When wandering the back roads of the plains,
where waving grass makes way for corn and wheat,
secluded from the noise of speeding trains,
you leave behind the fractured asphalt street.
There, ghosts from august herds may yet remain,
the thunder almost felt beneath your feet
as native horsemen flush their bison prey,
and others force the herd in disarray.
An arrow in the heart, a bison spins
and promptly drops while others are pursued.
The chase complete, they load the meat and skins
to consummate their quest for warmth and food.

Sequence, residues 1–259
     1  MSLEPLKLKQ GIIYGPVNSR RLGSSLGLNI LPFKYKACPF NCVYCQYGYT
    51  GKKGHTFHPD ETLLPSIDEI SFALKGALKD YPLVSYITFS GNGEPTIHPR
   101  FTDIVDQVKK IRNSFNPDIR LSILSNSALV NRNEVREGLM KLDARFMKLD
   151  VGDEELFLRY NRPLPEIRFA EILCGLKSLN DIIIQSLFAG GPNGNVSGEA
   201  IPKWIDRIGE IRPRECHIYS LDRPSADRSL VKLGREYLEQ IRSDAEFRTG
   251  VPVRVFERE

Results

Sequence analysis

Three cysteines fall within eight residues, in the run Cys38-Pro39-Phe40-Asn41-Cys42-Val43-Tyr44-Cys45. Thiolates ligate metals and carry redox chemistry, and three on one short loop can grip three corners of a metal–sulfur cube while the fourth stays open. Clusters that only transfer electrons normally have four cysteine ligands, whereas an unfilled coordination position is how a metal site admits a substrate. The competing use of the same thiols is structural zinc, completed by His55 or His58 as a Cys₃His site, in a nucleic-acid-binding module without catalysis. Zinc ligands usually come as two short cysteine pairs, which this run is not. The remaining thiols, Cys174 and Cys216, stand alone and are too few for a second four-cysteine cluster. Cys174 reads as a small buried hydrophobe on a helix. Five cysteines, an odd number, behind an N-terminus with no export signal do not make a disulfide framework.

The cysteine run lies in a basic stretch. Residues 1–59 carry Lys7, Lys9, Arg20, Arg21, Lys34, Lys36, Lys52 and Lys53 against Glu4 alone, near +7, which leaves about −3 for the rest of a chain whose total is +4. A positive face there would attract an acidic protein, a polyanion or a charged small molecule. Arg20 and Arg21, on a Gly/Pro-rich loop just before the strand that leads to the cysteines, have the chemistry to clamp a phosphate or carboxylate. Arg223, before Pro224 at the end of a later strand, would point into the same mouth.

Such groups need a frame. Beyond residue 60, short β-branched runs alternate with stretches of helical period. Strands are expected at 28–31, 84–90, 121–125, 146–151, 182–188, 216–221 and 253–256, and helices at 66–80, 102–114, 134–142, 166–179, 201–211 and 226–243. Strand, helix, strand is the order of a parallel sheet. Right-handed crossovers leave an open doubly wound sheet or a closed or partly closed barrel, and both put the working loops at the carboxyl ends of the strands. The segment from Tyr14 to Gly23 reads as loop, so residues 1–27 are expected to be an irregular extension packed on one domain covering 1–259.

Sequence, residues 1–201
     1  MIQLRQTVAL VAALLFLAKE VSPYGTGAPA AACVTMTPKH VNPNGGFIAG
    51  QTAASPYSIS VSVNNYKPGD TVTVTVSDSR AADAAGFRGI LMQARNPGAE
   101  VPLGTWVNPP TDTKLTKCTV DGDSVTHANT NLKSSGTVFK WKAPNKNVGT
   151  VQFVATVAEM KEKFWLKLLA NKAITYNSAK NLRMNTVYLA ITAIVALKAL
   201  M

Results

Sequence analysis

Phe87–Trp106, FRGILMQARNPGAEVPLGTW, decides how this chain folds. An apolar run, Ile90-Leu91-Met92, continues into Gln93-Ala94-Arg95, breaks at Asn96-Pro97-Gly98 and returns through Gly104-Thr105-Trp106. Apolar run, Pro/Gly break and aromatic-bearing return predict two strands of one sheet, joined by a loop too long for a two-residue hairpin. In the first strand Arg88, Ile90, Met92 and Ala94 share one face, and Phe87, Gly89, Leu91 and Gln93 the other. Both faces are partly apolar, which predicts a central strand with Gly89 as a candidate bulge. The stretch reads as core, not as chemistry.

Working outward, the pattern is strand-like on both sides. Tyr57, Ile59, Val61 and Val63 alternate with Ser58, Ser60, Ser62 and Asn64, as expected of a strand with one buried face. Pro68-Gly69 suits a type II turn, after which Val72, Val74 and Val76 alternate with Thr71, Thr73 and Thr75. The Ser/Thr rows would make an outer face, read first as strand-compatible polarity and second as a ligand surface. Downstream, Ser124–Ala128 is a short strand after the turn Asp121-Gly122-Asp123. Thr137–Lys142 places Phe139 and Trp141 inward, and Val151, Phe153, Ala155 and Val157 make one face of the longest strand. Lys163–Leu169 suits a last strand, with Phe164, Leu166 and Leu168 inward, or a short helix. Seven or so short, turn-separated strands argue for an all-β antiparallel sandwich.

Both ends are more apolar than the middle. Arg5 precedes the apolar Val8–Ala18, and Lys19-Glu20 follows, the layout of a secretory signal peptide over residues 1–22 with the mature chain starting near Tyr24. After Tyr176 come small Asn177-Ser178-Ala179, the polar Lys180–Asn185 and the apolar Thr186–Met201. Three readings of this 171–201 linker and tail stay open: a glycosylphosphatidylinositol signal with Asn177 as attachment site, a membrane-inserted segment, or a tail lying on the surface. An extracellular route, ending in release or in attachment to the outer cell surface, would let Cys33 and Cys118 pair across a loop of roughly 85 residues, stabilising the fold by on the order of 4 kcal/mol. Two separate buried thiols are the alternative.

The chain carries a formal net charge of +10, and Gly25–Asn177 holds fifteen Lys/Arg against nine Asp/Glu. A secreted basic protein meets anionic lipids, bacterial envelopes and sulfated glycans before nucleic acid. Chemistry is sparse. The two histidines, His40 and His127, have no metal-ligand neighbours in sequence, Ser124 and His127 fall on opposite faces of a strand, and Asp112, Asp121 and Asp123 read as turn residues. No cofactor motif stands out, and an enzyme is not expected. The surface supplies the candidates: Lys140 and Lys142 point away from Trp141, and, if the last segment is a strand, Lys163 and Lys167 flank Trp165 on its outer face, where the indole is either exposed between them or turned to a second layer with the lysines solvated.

Tonight they celebrate, a feast begins,
and then the season's hunting will conclude.
At times the festival still breaks the hush
of evening plains among the sedge and brush.
friends and confidants
caution; you have to keep
looking over your shoulder.
Jealous co-workers are watching,
waiting for private indiscretions
to prove they, not you, deserve advancement.
They can't compete with your intelligence
or experience, so they conspire
to find your hidden skeletons.
Looking over your shoulder
can be a tiresome chore,
distracting you from
Jack has published over 350 poems in his career, many with his own photography. He specializes in a view of the commonplace and Americana.